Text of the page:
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Political Roundup for December 4th, 2017

Big Picture

Professions: Here’s a cool breakdown of professions by party. It’s from FEC data, so the numbers will be fairly skewed in several ways. Still, it’s interesting to see the differences, especially between similar professions and among ones in the same industry.

Congress

AL-Sen: CBS commissioned a poll of the upcoming special Senate election in Alabama from YouGov and found Creepy Roy (R, unfortunately) ahead of former US Attorney Doug Jones (D) 49-43. Most polls recently have found Moore ahead by single digits, but turnout patterns will be crucial, as they are in any special election (and really, every election).

AR-Sen: It’s not official, but Secretary of State Rex Tillerson may be on the way out. If that happens, CIA Director Mike Pompeo would be his likely successor. Pompeo’s likely successor is rumored to be Sen. Tom Cotton (R). Finally, we get to the point of all this, which is that if those dominoes fall that way, Arkansas Lt. Gov. Tim Griffin (R) may want to return to DC, this time in the upper chamber.

FL-Sen: In a contrast to much of his tenure in office, Gov. Rick Scott (R) seems to be pretty popular at the moment, or so says this poll by Saint Leo Uiversity. Scott’s favorables are over 60%, and the poll also finds him leading incumbent Sen. Bill Nelson (D) by 10 (!) points. The undecided number in the poll is high, and we still have eleven months until the 2018 general election, but this has to be putting a smile on Scott’s face.

UT-Sen: I’m not quite sure why, but the country’s clumsiest political puppetmaster is contemplating backing Sen. Orrin Hatch (R) for another term against a nascent bid by former Presidential nominee and business wizard Mitt Romney (R). This might make sense, since Hatch has been instrumental in shepherding the tax reform package, except that he was looking to retire. I have to assume that Bannon is just trying to block Romney, but that seems somewhat risky in Romney-loving, Trump-disliking Utah. It seems risky for Hatch’s legacy as well. We’ll have to see how this one plays out over the next few months to get a clearer picture.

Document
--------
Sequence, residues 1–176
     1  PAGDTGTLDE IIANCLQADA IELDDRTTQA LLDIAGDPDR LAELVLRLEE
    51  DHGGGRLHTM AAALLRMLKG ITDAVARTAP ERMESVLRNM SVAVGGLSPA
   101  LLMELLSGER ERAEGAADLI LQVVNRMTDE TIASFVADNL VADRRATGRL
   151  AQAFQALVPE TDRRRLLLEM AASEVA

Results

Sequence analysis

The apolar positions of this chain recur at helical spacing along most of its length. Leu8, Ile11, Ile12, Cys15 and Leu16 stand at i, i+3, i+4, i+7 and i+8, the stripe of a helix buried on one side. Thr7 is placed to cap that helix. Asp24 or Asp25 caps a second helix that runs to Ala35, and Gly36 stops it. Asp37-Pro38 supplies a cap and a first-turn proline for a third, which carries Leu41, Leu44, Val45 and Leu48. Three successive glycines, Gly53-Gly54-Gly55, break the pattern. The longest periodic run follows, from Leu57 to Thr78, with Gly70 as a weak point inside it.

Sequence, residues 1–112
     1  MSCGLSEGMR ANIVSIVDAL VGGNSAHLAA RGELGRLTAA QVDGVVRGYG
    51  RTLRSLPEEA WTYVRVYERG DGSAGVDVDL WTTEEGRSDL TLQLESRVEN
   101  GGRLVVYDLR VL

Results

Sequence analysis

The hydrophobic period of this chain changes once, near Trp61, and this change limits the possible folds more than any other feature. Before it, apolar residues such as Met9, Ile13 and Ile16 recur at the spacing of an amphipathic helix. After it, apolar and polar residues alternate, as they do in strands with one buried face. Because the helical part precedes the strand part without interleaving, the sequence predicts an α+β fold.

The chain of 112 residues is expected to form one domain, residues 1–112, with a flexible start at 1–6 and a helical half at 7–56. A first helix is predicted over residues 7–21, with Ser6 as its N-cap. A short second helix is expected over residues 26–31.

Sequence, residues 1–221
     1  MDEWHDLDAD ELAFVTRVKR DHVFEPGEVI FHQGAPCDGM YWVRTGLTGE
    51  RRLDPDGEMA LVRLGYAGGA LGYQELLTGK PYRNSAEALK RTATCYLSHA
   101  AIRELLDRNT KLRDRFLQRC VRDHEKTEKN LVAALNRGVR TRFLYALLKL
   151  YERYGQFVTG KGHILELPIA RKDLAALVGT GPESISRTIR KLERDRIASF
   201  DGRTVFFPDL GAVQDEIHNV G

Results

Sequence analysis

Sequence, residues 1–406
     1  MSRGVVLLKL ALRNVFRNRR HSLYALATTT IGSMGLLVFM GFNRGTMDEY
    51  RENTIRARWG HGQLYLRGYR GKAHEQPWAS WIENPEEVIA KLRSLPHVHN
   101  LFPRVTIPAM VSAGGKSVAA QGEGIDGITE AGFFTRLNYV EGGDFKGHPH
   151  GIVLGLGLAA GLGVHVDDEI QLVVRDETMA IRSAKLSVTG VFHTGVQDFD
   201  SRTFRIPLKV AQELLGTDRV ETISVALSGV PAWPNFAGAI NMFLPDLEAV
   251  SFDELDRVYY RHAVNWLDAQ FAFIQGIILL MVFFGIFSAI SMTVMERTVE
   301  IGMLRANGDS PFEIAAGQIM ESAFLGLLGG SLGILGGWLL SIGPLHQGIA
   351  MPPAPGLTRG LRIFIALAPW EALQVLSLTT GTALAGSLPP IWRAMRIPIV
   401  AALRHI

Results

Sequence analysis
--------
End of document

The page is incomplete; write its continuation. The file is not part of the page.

Trump Districts: Politico runs down the Democrats in Trump districts who are therefore vulnerable next year, and it’s a decent summation. I’ll just add that if there’s a Democratic wave, most of them should survive to be absolutely slaughtered a few cycles from now. The only district that I’m fairly sure will fall is the open MN-01.

MI-09: With the retirement of long-serving Rep. Sander Levin (D) over the weekend, speculation now turns to who will run to succeed him. Sander’s son Andy (D) is thought to be mulling a run, as is State Sen. Steve Bieda (D). On the Republican side of things, no major candidates are getting serious mentions yet. The district, based in the inner northern suburbs of Detroit, moved into theoretically competitive territory in 2016. However, Demorats are likely to hold onto it in 2018 and it may get eliminated in a few cycles due to reapportionment.

NV-04: One of Rep. Ruben Kihuen’s (D) former campaign workers has accused him of sexual harassment. The way things are going with allegations lately, this could see his northern Clark County-based district open up in 2018. Kihuen beat former Rep. Cresent Hardy (R) last year by four points. Hardy was once thought to be a probable one-term wonder wave baby, but the district actually moved two points rightward in 2018. A return to Congress for the Man from Mesquite no longer looks impossible, though the Democratic nominee should be favored.

TX-27: Rep. Blake Farenthold (R), he of the infamous footy pajamas photo, has been unmasked as the subject of a sexual harassment claim by a staffer that ended in an $84k settlement. This may boost the campaign of his primary challenger Michael Cloud (R), or it may attract more challengers.

Governor